Hemophilia

Hemophilia is a disorder that prevents blood from clotting properly, resulting in bruising and bleeding. Caused by a defective gene, it affects about one in 5,000 boys born in the United States. Although hemophilia typically is inherited, a third of cases may result from a new genetic mutation. In children with hemophilia, one of the 11 blood clotting factors — proteins that help stop bleeding — is missing or reduced.

The most common type of hemophilia, caused by a lack of clotting factor VIII, is called Hemophilia A or classic hemophilia. The second most common type is caused by a lack of clotting factor IX and is called Hemophilia B or Christmas disease, named for Stephen Christmas, the first person diagnosed with the factor IX deficiency. Hemophilia A and B almost always occur in boys. A third, very rare type of hemophilia, called Hemophilia C, is caused by a lack of clotting factor XI and can occur in both girls and boys.

Hemophilia is caused by a mutation in the gene for factor VIII or factor IX. This occurs on the X chromosome, the chromosome inherited from the mother. If there is a family history of hemophilia, the mother is a carrier and her son will have the same type of hemophilia as her relatives. If there is no family history of hemophilia, the child's hemophilia is due to a new mutation and the mother may or may not be a carrier.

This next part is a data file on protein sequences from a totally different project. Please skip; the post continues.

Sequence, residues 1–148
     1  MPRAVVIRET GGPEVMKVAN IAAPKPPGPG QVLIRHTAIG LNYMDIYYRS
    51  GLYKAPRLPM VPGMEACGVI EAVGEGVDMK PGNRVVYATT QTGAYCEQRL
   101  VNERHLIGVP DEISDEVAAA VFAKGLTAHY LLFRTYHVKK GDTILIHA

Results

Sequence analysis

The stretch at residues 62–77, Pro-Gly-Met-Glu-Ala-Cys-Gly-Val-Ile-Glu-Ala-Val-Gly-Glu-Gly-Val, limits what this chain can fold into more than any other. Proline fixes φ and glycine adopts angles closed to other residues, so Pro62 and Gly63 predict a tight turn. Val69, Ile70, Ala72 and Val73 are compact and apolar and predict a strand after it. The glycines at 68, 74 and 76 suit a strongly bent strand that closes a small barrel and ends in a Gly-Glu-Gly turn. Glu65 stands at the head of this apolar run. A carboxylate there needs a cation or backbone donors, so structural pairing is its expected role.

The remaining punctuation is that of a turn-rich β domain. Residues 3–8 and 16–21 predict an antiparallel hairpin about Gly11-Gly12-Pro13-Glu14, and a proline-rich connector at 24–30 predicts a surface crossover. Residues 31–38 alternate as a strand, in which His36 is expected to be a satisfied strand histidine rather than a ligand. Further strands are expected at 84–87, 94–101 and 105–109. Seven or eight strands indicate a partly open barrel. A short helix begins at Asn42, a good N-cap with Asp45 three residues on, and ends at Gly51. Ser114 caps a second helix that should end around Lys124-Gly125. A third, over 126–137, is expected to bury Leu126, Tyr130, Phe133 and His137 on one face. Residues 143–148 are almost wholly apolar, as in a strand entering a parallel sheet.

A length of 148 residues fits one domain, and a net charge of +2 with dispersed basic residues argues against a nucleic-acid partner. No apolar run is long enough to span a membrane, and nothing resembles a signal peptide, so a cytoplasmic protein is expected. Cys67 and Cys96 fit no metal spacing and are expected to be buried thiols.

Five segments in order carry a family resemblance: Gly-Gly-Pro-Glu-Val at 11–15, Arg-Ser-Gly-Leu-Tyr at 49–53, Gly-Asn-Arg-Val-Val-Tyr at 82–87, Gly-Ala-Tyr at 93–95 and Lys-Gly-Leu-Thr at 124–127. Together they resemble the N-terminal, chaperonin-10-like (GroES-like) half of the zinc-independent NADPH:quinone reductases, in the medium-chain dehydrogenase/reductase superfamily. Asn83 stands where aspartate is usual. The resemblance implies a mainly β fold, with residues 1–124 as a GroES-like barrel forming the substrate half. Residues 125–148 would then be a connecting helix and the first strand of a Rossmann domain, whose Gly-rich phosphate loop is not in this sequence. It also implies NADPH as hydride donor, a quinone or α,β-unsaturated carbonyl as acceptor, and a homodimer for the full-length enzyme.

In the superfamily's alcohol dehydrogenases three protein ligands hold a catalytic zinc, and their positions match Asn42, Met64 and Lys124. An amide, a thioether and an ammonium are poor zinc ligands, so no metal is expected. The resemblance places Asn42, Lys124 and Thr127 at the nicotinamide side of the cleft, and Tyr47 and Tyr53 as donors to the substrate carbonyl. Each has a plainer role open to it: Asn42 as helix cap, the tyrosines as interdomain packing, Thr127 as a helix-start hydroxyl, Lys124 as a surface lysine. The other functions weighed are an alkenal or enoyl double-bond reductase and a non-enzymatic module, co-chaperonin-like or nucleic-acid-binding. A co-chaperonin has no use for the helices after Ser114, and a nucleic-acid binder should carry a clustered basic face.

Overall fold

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At UCSF Benioff Children's Hospital, the pediatric Hemophilia Treatment Center offers the most comprehensive care for children with hemophilia throughout Northern California. Through our research, we also provide the latest advances in treating complications of the disease. UCSF is also a federally designated Hemophilia Comprehensive Care Center, designated by the Centers for Disease Control and Prevention, that cares for both adult and pediatric patients.

Children with hemophilia may qualify for coverage of medical expenses through California Children's Services and the Genetically Handicapped Persons' Program, and if severely disabled, for financial support from the Social Security Administration. A social worker at the Hemophilia Treatment Center can refer you to the appropriate resources.

Forms of Hemophilia

Hemophilia may occur in mild, moderate and severe forms, based on both the child's symptoms and the level or amount of clotting factor in the blood.

  • Mild Hemophilia — A child with mild hemophilia has 6 percent to 49 percent factor level and usually has problems with bleeding only after serious injury, trauma or surgery. In many cases, mild hemophilia is not discovered until a major injury, surgery or tooth extraction results in unusual bleeding. The first episode may not occur until adulthood.


  • Moderate Hemophilia — A child with moderate hemophilia has 1 percent to 5 percent factor level and has bleeding episodes after injuries, major trauma or surgery. He also may experience occasional bleeding without obvious cause. These are called spontaneous bleeding episodes.


  • Severe Hemophilia — A child with severe hemophilia has less than 1 percent factor level and has bleeding following an injury or surgery, and may have frequent spontaneous bleeding episodes into the joints and muscles.

A person's severity of hemophilia does not change over time. If a person's cells cannot make clotting factor during childhood, they will not have the ability to make clotting factor during adulthood.